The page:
Oh and by the way, this is a percentage applicable to all currencies: no advantages for dollars over pounds, friends!

Pro-tip! If you want to get an indication of your possible mortgage now, you can use this mortgage calculator by Expat Mortgages.

What happens with your mortgage situation when you get divorced?

A happily married couple bought an apartment in Amsterdam three years ago, but COVID-19 came. After a year of working/living/doing everything in the same abode, they decide they’re done and file for divorce. Happy freedom! 

But not quite: they’re still left with the real-world implications of that split-up and whether they can buy a new house afterwards. 

If you want to buy a new house after a separation, you need to first settle all the business you have with your ex-partner. It’s plausible that one person is staying in the house, and one wants to go, explains Richardo. “The bank will want to see, eventually, if the person that wants to stay can afford the mortgage.” 

On top of this, the person that is leaving can say “we bought this apartment three years ago for €400,000, but now it is worth €450,000. I want my share of the profit.”

This must be compensated by the person who is staying in the house, says Richardo. “This can be financed by the bank, but that depends on whether the person who is staying can afford the additional amount or not.”

Once the business of separation is settled, your mortgage advisor can go to the bank and discharge you as a mortgage debtor of the loan and as the owner of the house — meaning, you are no longer responsible for the payment of the mortgage.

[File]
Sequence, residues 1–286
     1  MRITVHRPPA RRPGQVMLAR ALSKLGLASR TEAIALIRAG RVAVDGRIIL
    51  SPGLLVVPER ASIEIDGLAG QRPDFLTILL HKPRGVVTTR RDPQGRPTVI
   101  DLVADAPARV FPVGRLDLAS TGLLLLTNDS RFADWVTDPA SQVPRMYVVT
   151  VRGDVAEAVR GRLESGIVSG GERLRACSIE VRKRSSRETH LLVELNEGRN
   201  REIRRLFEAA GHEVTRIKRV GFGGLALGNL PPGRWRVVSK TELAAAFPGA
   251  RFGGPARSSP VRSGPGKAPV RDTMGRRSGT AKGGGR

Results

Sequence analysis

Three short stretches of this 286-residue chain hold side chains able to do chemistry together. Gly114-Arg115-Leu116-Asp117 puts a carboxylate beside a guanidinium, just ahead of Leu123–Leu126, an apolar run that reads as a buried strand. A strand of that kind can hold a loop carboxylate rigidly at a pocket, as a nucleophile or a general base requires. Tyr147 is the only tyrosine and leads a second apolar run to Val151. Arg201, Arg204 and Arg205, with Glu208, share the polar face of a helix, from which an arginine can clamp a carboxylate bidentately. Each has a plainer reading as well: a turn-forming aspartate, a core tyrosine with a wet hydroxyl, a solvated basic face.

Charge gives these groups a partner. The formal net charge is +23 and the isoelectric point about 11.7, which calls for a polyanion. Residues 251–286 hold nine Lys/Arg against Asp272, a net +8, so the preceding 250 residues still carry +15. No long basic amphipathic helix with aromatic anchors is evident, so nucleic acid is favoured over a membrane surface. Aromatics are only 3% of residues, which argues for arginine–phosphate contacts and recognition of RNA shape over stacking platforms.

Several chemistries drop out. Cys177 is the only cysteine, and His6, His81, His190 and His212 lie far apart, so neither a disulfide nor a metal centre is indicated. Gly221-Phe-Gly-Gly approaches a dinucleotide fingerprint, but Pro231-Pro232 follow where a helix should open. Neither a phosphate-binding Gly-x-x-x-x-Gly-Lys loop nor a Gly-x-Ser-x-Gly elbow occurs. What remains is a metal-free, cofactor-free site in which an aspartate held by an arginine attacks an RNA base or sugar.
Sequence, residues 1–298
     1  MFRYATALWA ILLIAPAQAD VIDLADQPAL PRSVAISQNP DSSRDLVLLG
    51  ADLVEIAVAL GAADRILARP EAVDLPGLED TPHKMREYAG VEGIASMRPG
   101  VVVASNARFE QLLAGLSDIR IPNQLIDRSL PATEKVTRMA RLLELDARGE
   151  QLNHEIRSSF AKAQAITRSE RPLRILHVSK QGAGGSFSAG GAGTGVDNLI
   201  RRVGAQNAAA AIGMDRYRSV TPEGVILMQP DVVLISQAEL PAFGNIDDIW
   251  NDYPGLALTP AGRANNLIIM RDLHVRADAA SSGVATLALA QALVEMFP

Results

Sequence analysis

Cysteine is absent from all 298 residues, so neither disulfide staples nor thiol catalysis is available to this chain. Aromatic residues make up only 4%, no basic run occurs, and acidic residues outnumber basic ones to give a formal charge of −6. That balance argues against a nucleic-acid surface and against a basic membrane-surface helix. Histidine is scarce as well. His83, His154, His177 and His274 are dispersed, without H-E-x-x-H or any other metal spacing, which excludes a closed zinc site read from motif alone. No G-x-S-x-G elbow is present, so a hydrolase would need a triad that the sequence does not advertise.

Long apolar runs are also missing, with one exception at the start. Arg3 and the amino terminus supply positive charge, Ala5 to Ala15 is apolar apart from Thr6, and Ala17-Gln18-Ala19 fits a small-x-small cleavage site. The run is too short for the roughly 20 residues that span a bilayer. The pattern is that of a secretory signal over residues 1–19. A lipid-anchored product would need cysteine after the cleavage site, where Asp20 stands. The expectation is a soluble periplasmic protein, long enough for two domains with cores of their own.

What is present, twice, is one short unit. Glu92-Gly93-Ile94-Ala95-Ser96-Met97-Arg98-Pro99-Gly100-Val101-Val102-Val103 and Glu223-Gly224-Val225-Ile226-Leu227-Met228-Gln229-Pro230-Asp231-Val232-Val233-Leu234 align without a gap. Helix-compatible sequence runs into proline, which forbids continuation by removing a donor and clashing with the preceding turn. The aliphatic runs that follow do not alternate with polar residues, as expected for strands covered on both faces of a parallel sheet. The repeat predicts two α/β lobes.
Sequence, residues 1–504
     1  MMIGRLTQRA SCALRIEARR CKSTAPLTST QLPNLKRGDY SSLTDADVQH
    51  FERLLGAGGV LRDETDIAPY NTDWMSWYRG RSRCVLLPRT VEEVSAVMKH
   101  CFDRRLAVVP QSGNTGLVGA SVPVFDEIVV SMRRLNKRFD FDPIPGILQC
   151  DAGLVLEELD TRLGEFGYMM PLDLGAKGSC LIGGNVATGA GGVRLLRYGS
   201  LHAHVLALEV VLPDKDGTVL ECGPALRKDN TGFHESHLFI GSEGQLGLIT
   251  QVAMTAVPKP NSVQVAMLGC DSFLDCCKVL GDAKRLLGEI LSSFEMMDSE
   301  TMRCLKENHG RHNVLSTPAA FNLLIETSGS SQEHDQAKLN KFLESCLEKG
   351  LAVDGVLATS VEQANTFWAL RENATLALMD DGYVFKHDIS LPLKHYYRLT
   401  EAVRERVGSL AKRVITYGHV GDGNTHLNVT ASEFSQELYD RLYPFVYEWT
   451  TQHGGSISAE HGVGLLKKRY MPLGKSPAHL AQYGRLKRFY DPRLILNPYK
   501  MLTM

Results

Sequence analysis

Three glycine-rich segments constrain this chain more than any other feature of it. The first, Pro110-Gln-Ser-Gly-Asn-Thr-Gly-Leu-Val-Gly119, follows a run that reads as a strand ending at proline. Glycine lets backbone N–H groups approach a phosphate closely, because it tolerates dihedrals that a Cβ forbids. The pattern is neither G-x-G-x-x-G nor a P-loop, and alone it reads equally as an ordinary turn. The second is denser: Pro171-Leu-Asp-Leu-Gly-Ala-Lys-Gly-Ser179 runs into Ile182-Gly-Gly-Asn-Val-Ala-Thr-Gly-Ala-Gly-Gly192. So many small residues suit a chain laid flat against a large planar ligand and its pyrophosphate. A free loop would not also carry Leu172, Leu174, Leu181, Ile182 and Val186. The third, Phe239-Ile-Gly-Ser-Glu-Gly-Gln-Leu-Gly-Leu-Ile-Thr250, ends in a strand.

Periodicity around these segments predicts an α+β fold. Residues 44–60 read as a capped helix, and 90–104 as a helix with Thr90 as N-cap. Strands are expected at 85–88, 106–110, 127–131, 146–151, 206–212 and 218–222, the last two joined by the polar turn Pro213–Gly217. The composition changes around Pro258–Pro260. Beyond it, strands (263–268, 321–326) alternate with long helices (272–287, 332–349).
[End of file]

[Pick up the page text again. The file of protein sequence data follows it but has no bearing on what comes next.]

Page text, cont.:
Now, comes the fun part: it’s time to go to your mortgage advisor and see what you can buy! Your mortgage advisor will discuss your needs, and calculate how much money you can borrow based on your financial situation. Once that’s sorted, it’s time to get on with your new single life!

READ MORE | After buying a house in the Netherlands – the ultimate aftersale guide for expats

Freelancing: Can you get a mortgage as a ZZP’er?

Yes you can! It’s certainly possible to obtain a mortgage in the Netherlands as a freelancer. But this is a grown-up world so you know it isn’t all “rozengeur en maneschijn” (all fun and games).

Getting a mortgage is possible, but you need to show a little bit more paperwork which all depends on your unique situation: 

ZZP’er in the Netherlands for at least three years

If you’ve been freelancing for three years, it’s easy: just show your last three years of income to the bank!

ZZP’er in the Netherlands for less than three years

If you’ve been a freelancer for less than three years, don’t stress — you can still qualify for a mortgage! There are a few extra steps to go through, but buying a Dutch home is far from impossible. 

To find the mortgage for you, Expat Mortgages have a “Special Cases” team dedicated to finding a solution to get you into a house — three years of statements or not!

Here are just a few ways that you may be eligible to get a mortgage as a more recent Dutch ZZP’er:

Employees who switched to being a ZZP’er

Were you employed at a Dutch company, then made the switch to being a ZZP’er in the same line of work? Great! Your mortgage advisor can use the same income that you earned when you were employed. This acts as a track record of employment.